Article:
Food perceptions and dietary behavior of American-Indian children, their caregivers, and educators: Formative assessment findings from pathways

Joel Gittelsohn, Elanah Greer Toporoff, Mary Story, Marguerite Evans, Jean Anliker, Sally Davis, Anjali Sharma, Jean White

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26 Scopus citations


Dietary findings from a school-based obesity prevention project (Pathways) are reported for children from six different American-Indian nations. A formative assessment was undertaken with teachers, caregivers, and children from nine schools to design a culturally appropriate intervention, including classroom curriculum, food service, physical education, and family components.This assessment employed a combination of qualitative and quantitative methods (including direct observations, paired-child in-depth interviews, focus groups with child caregivers and teachers, and semistructured interviews with caregivers and foodservice personnel) to query local perceptions and beliefs about foods commonly eaten and risk behaviors associated with childhood obesity at home, at school, and in the community. An abundance of high-fat, high-sugar foods was detected in children's diets described by caregivers, school food-service workers, and the children themselves. Although children and caregivers identified fruits and vegetables as healthy food choices, this knowledge does not appear to influence actual food choices. Frequent high-fat/high-sugar food sales in the schools, high-fat entrees in school meals, the use of food rewards in the classroom, rules about finishing all of one's food, and limited family resources are some of the competing factors that need to be addressed in the Pathways intervention.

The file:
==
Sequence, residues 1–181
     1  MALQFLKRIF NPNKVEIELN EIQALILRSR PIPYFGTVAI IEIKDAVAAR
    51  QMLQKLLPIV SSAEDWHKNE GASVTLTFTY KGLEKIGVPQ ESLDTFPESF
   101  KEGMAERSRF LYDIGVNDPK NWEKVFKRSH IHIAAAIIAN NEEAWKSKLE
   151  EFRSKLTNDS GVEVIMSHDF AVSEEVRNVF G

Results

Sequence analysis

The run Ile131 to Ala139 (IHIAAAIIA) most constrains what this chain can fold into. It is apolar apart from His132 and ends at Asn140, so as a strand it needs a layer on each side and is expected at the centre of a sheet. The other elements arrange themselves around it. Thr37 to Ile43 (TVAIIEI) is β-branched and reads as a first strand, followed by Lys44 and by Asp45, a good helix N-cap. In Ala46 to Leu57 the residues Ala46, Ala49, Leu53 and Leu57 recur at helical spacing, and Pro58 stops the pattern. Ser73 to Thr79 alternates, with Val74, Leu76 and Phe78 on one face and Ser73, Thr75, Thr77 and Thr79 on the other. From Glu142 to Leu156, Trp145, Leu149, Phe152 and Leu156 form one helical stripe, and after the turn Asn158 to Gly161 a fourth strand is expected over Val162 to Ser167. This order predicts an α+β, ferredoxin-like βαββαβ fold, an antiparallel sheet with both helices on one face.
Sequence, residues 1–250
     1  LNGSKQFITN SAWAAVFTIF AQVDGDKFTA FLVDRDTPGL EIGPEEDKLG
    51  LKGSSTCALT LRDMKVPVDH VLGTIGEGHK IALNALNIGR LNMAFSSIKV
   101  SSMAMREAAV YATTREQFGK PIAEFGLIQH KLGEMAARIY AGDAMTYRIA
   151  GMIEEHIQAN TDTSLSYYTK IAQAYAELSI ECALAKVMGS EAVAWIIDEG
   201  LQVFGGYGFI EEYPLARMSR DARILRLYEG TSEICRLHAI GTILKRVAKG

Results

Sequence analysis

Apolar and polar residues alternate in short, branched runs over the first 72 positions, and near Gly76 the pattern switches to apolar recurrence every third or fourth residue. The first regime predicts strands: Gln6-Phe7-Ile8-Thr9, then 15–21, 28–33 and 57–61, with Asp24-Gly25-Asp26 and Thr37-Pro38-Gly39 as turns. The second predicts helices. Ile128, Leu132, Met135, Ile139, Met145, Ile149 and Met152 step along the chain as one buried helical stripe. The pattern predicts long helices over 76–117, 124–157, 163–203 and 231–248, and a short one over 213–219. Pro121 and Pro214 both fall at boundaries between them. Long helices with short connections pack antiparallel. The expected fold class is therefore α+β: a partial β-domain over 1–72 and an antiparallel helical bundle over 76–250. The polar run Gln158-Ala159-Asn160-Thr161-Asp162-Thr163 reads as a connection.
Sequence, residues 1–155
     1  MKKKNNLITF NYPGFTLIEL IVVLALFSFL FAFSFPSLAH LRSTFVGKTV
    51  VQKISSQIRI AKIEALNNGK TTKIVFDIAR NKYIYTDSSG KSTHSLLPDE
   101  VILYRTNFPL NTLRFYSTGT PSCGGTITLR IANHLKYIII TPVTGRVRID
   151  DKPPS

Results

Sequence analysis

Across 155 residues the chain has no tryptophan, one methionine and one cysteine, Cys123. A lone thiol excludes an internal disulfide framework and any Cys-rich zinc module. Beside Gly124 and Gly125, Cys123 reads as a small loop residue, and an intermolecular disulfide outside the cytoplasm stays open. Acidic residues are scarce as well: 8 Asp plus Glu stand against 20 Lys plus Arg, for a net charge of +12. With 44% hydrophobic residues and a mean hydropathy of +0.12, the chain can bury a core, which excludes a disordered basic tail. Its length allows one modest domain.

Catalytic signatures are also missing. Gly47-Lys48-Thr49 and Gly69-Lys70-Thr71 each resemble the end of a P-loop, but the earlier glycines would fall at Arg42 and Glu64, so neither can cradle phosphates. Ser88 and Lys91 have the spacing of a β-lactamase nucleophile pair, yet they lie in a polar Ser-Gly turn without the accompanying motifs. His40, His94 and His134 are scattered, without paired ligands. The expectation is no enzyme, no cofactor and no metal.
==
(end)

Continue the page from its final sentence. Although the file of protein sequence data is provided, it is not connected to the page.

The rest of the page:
Original languageEnglish (US)
Pages (from-to)2-13
Number of pages12
JournalJournal of Nutrition Education and Behavior
Issue number1
StatePublished - 2000

Bibliographical note

Funding Information:
This research was sponsored by the National Heart, Lung, and Blood Institute of the National Institutes of Health, U01-HL-50869, U01-HL-50867, U01-HL-50905, U0l-HL-50885, U01-HL-50907. Address for correspondence:Joel Gittelsohn, Ph.D., Center for Hun~anN utrition and Division of Human Nutrition, Department of International Health, School of Hygiene and Public Health,Johns Hopkins University, 615 North Wolfe Street, Bal-tinlore, MD 21205-2179; Tel: (410) 955-3927: Fax: (410) 955-0196; E-mail: 02000 SOCIETY FOR NUTRITION EDUCATfON


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